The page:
The name means “lily-flower”, and she convinces you the woman who bears it really longs for purity, chastity, fidelity. She’s not a tragic character: she’s too pampered, weak, human for that. But her discovery of her own frailty is enough to give the whole wind-up plot of Cosi a depth of feeling it wouid not otherwise have. She even succeeds in one of the risky gags that punctuate act one: a mid-aria false exit that rouses a hearty laugh only enriches her character more.
Her colleagues on stage all have far less onerous dramatic tasks to play, and acquit themselves with honor. Costa-Jackson’s sister Ginger is a delicious Dorabella, as quintessential and lovable an airhead as Alicia’s Silverstone’s immortally Clueless Cher. Kevin Burdett’s scheming Don Alfonso brings an agreeable whiff of brimstone to the role, reminiscent of the genial Ray Walston’s Mr. Applegate in the musical Damn Yankees. Finnish tenor Tuomas Katajala’s Ferrando is the perfect hangdog “hero’s friend,” while Guglielmo, the hero himself (in his own mind at least) is played to self-satisfied perfection by “bari-hunk” Craig Verm, who must find it relaxing for once to be allowed to remain fully-dressed for the entire length of a perfomance.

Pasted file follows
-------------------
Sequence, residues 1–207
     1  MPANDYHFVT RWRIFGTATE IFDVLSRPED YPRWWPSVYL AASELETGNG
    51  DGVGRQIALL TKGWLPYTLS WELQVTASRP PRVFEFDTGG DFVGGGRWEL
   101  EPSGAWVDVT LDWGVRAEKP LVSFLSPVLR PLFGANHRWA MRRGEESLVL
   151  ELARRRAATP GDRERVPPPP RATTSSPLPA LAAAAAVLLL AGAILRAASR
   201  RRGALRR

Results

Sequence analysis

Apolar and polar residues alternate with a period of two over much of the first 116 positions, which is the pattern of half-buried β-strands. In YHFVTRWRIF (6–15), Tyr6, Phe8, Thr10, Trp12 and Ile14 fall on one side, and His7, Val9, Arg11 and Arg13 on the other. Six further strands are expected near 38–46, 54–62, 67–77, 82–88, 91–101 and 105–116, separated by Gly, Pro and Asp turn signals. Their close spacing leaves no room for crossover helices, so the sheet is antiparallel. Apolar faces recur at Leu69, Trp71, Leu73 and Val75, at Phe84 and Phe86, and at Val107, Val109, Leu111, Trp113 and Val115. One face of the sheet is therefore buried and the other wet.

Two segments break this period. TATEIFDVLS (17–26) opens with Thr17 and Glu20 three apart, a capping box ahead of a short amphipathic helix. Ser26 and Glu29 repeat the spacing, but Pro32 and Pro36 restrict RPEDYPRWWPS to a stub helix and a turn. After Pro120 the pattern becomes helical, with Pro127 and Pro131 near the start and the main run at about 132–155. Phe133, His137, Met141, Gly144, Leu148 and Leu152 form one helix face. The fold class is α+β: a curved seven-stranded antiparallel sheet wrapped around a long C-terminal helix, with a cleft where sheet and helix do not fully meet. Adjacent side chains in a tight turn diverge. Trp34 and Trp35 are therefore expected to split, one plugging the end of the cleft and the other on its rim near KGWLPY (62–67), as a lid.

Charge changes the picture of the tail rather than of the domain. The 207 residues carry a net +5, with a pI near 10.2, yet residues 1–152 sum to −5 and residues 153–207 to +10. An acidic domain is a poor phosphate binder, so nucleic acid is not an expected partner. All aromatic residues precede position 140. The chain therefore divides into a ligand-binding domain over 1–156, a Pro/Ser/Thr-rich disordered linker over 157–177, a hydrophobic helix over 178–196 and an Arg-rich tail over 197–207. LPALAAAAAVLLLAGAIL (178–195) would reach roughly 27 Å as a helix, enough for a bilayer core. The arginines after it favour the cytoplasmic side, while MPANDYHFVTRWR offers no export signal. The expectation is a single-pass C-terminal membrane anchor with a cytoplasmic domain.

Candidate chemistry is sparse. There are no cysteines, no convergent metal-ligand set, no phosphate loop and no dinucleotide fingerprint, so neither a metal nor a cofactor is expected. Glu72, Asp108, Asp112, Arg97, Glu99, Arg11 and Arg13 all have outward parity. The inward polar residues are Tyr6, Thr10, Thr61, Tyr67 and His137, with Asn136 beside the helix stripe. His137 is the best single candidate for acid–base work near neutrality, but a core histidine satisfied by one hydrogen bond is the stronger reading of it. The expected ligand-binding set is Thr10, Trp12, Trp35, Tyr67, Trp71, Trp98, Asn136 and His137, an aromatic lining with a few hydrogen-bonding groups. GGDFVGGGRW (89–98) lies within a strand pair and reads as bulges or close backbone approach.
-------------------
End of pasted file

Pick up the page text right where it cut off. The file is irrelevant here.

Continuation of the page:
Laura Tatulescu plays Don Alfonso’s paid co-conspirator as an agreeably bitter little pill. I wish Harry Fehr and Cythia Savage (re-mounter and costume designer respectively) could have been a little more consistently contemporary about her costuming in the disguise scenes; they’re sadly old-fashioned-stagey and unfunny.
Did I mention all these people can sing? And, saints preserve us, act? Without their eyes constantly seeking the conductor’s baton like dogs waiting for a stick to be thrown? On the dangerous vast stage dictated by McCaw Hall’s layout, this is a near miracle of ensemble in itself.
But such miracles don’t happen without a master hand in the pit, and after a few disquieting moments during the overture Paul Daniels takes utter self-effacing charge of affairs, with wonderfully judged tempi and subtle moment-by-moment balance between orchestra and stage. To see, again and again, an auditorium full of heads nodding happily as they recognize the rueful truth of the unfolding tale, is to wish you could somehow say: “That’s right: trust your instincts: If it feels that good, it must be that good. Never mind “concepts”, contemporary, topical. timely or not. Only truth and artistry conjoined feel like this. Accept no substitutes.
Through January 27th
Cast and production information:
Marina Costa-Jackson (Fiordiligi), Ginger Costa-Jackson (Dorabella), Tuomas Katajala (Ferrando), Craig Verm (Guglielmo), Kevin Burdette (Don Alfonso), Laura Tatulescu (Despina). Paul Daniel (conductor), Harry Fehr (director), Sir Jonathan Miller (original stage directorand designer), Neil Peter Jampolis (lighting), Cynthis Savage (costumes), Jonathan Dean (English surtitles). Orchestra and Chorus of the Seattle Opera. Marion Oliver McCaw Hall, Seattle January 14th, 2018
product_title=Jonathan Miller’s “Così” strikes gold again
product_by=A review by Roger Downey
product_id=Images © Tuffer